BEIJING, June 09, 2020

Impact of COVID-19 on the EPC Sector in Asia: Outlook Remains Robust for the Infrastructure Sector

COVID-19 has caused disruptions in every sector imaginable, and it has not spared the infrastructure construction sector. Anecdotally, there are many reports of delays in infrastructure projects, due to supply chain disruptions and low mobility among workers.

This note analyzes the infrastructure sector via the lens of major engineering, procurement, and construction (EPC) contractors that are actively involved in infrastructure projects in Asia. By tracking more recent data of 24 such contractors, it is possible to get insights into the state of infrastructure construction and understand the potential impact of COVID-19 on infrastructure development.1

From a bird’s-eye view, it would seem that infrastructure development is in a fix. Governments have been increasingly devoting more resources to address immediate needs, and infrastructure development is expected to take a back seat. In addition, uncertainties regarding project completion, project financing, and future pipelines amidst lockdowns are surfacing. Notwithstanding these short-term difficulties, our analysis shows that the sector as a whole remains resilient.

 

Project Pipelines Remain Strong

Although COVID-19 is expected to interrupt infrastructure activity, construction is expected to pick up as countries in Asia, the most prominent construction market, have started planning life after COVID-19. As an early sign of recovery, economic activity resumed after weeks of a shutdown in China, and infrastructure construction has rebounded.2,3 The temporary shock on China’s construction sector is expected to be partially offset by the issuance of local government bonds to boost infrastructure project development.

The construction sector, driven primarily by China and India, is expected to grow at 5.0 percent, and at a compound annual growth rate (CAGR) of 7.4 percent between 2015 and 2024.4 Many governments are expected to ramp up infrastructure construction post-crisis to kickstart economic growth. More specifically, infrastructure construction activity is expected to record a CAGR of 6.4 percent between 2015 and 2024 (Fitch, 2020).5 The current COVID-19 crisis might present some obstacles to these forecasts, but the medium-term outlook for infrastructure and construction remains robust.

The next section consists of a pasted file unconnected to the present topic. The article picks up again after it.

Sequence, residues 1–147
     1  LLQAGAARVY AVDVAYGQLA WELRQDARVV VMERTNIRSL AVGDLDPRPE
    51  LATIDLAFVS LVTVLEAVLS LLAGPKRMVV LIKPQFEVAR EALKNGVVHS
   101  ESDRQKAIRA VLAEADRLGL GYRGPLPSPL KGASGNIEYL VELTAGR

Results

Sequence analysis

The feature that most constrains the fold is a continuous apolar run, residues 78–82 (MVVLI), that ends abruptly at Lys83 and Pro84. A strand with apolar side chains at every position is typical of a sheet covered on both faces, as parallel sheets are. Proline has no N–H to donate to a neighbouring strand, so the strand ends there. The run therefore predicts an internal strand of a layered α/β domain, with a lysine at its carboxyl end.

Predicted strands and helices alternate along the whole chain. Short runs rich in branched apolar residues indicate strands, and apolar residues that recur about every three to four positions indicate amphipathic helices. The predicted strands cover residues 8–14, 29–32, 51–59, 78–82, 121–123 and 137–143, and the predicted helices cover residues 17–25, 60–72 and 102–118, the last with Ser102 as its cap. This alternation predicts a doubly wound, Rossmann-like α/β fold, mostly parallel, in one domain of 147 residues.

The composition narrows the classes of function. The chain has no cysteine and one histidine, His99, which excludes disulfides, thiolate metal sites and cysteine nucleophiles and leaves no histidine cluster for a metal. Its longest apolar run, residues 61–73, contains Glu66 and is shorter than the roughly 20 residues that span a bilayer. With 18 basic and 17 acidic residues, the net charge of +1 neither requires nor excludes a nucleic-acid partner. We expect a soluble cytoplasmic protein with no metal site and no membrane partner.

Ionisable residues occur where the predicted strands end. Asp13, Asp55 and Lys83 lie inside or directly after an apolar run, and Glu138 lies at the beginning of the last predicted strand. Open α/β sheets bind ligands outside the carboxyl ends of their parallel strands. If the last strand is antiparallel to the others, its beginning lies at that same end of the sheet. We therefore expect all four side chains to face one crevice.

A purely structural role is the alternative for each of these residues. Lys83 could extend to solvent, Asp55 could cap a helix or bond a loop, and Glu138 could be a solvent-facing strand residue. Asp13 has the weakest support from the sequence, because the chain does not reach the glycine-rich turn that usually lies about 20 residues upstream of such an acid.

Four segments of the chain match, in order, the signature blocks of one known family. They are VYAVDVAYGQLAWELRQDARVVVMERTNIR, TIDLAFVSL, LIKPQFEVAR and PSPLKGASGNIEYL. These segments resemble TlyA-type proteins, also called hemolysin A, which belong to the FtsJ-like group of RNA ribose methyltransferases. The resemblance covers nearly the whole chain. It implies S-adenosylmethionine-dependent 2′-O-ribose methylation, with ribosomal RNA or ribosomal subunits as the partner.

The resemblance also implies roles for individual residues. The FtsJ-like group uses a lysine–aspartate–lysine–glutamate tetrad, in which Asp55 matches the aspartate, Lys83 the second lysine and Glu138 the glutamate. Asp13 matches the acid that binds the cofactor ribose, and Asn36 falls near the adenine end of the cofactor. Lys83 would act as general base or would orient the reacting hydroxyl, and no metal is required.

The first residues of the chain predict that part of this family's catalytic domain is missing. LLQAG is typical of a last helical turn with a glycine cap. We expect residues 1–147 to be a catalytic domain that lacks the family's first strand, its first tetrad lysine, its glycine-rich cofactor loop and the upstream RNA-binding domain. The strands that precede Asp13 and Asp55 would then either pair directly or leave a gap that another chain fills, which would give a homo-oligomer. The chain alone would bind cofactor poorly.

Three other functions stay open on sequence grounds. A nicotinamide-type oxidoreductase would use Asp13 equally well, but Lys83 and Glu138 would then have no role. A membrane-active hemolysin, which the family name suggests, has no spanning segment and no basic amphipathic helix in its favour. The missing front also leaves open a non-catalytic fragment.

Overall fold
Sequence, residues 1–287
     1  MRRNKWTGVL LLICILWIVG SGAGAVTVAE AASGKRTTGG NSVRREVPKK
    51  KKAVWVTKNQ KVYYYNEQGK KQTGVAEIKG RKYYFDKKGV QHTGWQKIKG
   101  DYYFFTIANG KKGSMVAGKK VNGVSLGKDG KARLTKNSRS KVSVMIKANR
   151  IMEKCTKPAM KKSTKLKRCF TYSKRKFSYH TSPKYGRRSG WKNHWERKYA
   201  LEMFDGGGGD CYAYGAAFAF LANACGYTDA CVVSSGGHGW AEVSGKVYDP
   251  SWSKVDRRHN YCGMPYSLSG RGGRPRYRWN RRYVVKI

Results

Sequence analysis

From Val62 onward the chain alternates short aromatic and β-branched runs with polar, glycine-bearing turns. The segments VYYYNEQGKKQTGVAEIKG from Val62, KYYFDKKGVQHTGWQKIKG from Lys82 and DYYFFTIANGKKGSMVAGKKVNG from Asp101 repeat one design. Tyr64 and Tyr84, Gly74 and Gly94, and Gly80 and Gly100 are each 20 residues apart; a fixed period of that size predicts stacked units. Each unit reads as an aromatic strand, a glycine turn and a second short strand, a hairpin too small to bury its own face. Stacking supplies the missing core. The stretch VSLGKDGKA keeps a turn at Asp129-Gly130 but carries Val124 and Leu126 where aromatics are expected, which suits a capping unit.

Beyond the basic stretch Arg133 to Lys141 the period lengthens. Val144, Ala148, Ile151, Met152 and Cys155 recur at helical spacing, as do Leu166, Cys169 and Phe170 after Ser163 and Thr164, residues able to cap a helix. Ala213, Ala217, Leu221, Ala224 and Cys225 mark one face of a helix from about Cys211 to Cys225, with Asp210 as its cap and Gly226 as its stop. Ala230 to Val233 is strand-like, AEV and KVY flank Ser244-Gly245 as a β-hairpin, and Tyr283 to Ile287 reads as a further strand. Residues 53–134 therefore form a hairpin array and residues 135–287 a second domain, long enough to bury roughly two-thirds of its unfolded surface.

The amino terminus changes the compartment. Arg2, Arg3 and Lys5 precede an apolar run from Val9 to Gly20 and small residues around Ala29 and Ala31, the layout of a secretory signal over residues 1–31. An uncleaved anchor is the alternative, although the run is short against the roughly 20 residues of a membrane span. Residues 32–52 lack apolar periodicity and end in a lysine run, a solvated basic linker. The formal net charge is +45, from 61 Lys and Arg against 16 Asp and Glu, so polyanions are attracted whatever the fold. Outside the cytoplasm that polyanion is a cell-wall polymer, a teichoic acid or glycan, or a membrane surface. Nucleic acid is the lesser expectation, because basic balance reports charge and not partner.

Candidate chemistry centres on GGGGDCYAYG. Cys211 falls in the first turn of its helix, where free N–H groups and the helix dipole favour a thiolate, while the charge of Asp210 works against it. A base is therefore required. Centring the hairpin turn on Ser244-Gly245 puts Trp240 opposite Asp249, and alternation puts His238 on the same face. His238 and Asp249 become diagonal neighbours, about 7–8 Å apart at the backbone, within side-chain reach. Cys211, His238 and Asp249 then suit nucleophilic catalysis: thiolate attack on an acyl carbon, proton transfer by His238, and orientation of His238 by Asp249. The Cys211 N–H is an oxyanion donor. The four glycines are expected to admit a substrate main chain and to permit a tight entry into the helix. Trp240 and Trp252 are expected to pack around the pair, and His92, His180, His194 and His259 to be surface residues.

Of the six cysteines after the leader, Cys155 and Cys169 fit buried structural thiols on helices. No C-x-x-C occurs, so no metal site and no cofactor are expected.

Recent Revenue Growth Has Provided Financial Buffers for Some Contractors

The total revenue for the 24 companies analyzed for this study was more than USD700 billion, while the median was about USD10 billion, as the revenue of Chinese contractors skewed the data. The total revenue experienced annual growth of more than five percent from 2017 to 2019.

Most of the contractors also boasted high cash reserves, sound financial ratios or both. As of Q1 2020, 18 firms6 had a cumulative cash and cash equivalent balance of USD128 billion, with the Chinese EPC contractors having significant cash in hand (USD91 billion, which comprises the majority of such balance). Further, although the 14 non-Chinese firms might not have similar cash positions, they still had strong quick and current ratios (see Figure 1).7,8 When we assessed the available Q3/Q4 2019 financials of the remaining firms, we found similar results.

 

 

High revenues might not necessarily imply future growth. A proxy for future growth would be stock prices. Stock prices have generally shown some recovery and seem to be on an increasing growth trend (see Figure 2). This trend might have been a result of various governments’ priority on construction even during lockdown.

 

 

Comparing the changes in stock prices due to COVID-19 and the global financial crisis of 2007-2009, we can observe that the drop in stock prices during the global financial crisis was more pronounced for more than half of the companies (see Figure 3). Nevertheless, companies in India have seen significant price declines, consistent with the difficulties seen in the banking and infrastructure sectors (see Figure 3).